Saturday, April 16, 2005

The Power Play

I’m sure there is a stamped and authorized name for this play but I don’t know it. I’ve decided to call it the Power Play and it seems to be appropriate.

To set this up I’m playing in a Multi-table Tournament last night at Ultimatebet when the following scenario unfolds. We started with 832 players and were down to 159. I have around 6800 in chips with the average being in the 5,000 chip range. I’m dealt AQo in early middle position and the current chip leader who has about 25,000 in chips limps in on my immediate right. I bet the pot, which represents around 1/5 of my stack. It folds around to the Chip Leader who reraises to 5,200.

The Chip Leader has just executed what I like to call the Power Play. She has feigned weakness, then come over the top when I chased off the other players with my raise. Although this play can be executed with any two cards, I believe only a fool would do so without a very large pocket pair. I’m talking K’s or A’s, possibly Q’s if the table conditions are right. You also want to be one of the large stacks at the table. If you are short stacked it is better to just get your chips in up front.

This is a risky play. If you get a raiser to isolate you from the rest of the field, it’s quite possible they also have a hand, and are willing to call your raise. The thing is, you want them to call. This is why it is best to have a large stack, and in optimum conditions have your opponent covered. I play a relatively tight tournament style. If I’m at a table where the other players are paying attention to that, and folding to my raises, this becomes a nice way to add to my chip count. When reraising you want to force your opponent to make a decision for all their chips. Performing a minimum raise only allows them to see a flop without mortal risk. This gives your opponent a chance to improve on the flop, or get away from their hand. You do not want this. If played correctly you should have the best hand preflop and you want your opponent to join you when you have that advantage.

The play is similar in style to a Stop-N-Go, but in reverse. The Stop-N-Go is used as a bluffing tool to force your opponent to fold. Here we are not bluffing but want it to appear that perhaps we are, thus enticing the call. Since we are only making this play in optimum conditions it becomes a nice way to mix things up without having to consciously make a decision to do so. The caveat is that it won’t always work. You can never foresee someone raising behind you. As such is the case it is best to be UTG or UTG +1 so there are plenty of players left to act. If you get a few limpers and then someone in late position raises, that’s all the better. The early limpers are likely to fold and the late position may have been on a steal all along. It’s possible to take this pot down without having to worry about being drawn out on. In the process you have also added enough chips to nicely enhance your stack.

When does this not work. Well, when no one raises. You are more than likely still best post flop and you should try to take it down at that time. Keep in mind that if you get a lot of callers you need to watch for the flush and straight draws. The discipline needs to be in place to even get away from A’s if your likely beat in this situation. This play can run the risk of wasting a good pocket pair. Remember your supposed to be in a good position before making the play so the short term loss of one hand shouldn’t affect you.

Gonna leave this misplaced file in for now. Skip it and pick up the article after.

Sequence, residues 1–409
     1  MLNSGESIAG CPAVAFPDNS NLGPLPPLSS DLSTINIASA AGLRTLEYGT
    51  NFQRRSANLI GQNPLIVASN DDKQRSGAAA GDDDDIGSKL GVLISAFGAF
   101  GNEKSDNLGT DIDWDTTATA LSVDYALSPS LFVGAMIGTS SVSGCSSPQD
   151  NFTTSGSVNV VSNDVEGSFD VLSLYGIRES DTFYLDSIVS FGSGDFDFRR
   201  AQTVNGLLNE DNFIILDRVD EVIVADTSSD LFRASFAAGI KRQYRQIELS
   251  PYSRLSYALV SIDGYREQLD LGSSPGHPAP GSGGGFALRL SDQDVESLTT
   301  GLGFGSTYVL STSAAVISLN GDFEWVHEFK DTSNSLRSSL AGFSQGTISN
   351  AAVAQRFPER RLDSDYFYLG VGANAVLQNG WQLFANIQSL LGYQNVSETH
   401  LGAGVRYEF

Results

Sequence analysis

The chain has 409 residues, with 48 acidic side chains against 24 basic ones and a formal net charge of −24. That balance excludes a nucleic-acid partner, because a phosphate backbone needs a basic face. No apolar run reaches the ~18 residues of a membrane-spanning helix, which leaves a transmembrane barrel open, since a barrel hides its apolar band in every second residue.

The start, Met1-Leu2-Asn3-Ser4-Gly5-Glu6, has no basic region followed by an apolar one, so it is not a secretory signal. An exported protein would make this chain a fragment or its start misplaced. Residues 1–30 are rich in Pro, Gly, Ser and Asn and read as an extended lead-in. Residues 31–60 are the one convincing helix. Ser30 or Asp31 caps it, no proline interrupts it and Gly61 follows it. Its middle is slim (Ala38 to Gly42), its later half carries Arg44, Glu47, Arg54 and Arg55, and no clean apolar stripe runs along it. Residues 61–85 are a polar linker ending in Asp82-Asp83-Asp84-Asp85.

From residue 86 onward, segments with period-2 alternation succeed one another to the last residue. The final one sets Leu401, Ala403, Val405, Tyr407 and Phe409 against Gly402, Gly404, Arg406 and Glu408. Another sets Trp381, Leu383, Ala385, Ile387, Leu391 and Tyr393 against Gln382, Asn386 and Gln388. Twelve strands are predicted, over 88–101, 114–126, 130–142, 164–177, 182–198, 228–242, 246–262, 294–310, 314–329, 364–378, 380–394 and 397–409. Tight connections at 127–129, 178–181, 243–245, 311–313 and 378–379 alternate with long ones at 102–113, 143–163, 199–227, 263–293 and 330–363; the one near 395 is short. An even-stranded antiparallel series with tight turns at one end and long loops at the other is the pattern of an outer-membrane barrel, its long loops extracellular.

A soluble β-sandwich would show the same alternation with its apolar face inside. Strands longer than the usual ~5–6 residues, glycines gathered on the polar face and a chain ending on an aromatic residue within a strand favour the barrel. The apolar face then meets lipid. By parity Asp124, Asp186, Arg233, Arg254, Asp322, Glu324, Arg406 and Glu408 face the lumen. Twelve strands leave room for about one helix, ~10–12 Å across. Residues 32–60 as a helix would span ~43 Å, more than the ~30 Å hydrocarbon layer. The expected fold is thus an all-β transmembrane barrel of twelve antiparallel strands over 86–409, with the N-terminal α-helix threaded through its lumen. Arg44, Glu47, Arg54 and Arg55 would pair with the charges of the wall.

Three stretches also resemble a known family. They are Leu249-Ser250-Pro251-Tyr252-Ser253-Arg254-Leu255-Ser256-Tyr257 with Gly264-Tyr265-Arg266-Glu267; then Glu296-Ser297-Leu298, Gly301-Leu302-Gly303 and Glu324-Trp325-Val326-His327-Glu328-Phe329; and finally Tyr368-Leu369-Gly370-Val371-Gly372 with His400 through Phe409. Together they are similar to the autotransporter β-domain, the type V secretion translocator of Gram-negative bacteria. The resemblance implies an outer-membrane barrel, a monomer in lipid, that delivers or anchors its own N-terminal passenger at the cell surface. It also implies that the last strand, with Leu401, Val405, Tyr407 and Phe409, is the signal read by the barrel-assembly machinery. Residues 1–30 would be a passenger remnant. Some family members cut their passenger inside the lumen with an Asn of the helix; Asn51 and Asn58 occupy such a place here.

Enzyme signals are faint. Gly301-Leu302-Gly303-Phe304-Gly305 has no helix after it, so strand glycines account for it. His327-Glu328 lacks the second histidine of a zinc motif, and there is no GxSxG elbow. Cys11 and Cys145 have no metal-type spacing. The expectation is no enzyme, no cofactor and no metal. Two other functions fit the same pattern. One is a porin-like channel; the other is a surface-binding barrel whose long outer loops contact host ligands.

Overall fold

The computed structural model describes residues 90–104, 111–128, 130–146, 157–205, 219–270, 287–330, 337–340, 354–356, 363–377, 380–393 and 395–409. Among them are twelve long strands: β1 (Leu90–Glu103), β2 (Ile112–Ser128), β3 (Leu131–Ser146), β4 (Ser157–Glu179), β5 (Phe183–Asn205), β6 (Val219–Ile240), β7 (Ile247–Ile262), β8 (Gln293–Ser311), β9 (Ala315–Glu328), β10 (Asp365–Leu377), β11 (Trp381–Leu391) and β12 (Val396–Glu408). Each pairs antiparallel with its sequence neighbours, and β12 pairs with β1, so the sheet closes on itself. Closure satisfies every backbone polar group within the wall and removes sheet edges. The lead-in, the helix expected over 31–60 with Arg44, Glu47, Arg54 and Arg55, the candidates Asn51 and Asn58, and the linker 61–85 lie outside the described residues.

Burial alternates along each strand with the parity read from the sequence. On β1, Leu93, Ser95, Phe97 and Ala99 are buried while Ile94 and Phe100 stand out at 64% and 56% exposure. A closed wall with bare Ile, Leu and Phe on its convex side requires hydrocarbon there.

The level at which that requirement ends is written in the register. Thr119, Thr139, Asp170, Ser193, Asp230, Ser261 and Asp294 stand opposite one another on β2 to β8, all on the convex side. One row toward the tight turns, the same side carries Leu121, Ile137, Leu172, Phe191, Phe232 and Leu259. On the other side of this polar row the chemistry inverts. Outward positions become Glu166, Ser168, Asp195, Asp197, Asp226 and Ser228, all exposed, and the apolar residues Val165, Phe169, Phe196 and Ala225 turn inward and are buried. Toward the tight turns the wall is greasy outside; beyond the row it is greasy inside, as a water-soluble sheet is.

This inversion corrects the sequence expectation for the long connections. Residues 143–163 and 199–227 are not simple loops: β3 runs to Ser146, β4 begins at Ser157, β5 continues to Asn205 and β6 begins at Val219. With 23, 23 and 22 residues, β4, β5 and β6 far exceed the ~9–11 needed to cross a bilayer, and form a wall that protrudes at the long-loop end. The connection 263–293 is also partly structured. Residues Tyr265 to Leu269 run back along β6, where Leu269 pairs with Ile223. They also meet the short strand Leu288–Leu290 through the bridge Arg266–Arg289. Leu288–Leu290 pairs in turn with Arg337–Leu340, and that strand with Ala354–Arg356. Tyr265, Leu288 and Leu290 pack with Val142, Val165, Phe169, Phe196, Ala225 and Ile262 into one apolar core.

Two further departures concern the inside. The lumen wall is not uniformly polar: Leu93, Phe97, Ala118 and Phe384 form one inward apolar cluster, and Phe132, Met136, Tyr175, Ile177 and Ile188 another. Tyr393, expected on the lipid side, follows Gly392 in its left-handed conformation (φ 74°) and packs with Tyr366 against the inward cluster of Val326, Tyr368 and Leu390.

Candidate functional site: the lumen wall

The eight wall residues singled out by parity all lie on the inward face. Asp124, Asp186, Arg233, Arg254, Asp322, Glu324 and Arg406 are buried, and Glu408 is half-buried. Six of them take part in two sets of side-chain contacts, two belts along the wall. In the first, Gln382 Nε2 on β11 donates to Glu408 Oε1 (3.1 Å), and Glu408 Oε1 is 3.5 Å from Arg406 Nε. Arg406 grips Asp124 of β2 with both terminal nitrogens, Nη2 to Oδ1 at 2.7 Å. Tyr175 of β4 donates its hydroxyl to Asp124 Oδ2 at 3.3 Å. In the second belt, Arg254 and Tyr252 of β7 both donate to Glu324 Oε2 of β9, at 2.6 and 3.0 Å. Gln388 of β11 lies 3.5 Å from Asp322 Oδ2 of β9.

Now back to my situation. The chip leader had not been using her stack to push people around. She had also been playing a tight game. As soon as she made her move I knew I was behind in the hand. My options were to lay the hand down and pick a better spot, or push all in for the remainder of my chips. A call was going to leave me pot committed anyway and when this occurs, it’s best to push. I would spout off all the percentages and statistics that reflected my hands chance of winning against what I thought my opponent had, but I don’t have these things memorized and I didn’t consider them when I made my decision. If I was looking to play a good sensible game I should fold in this situation. By not folding I am giving my opponent everything she is looking for.

I knew I was against a pair of Q’s or better and at best I was less than a coin flip, and at worst a huge dog. I let external influences guide my decision. If I wasn’t going to make the top 8 in this tournament it wasn’t worth my time to continue playing in it. The real money didn’t come till this point and I didn’t want to spend 5 hours only to make $20 or $30. I was also tired and looking for an out. If I could double up through the chip leader it would hurt her and put me within the top 20 in chip stacks. I could then be in a decent enough position to make my run for the final table.

With the decision made I pushed all in and she called. Sure enough she had pocket K’s and I called for an A on the flop. My request was granted and I figured I had the shot I wanted. As fate intervened a K came on the turn so I was drawing dead. She gave me the obligatory “gg” but I knew she was secretly thinking, “sucker”.

The computer was shutdown and off to dreamland I went. At least I got a post out of it.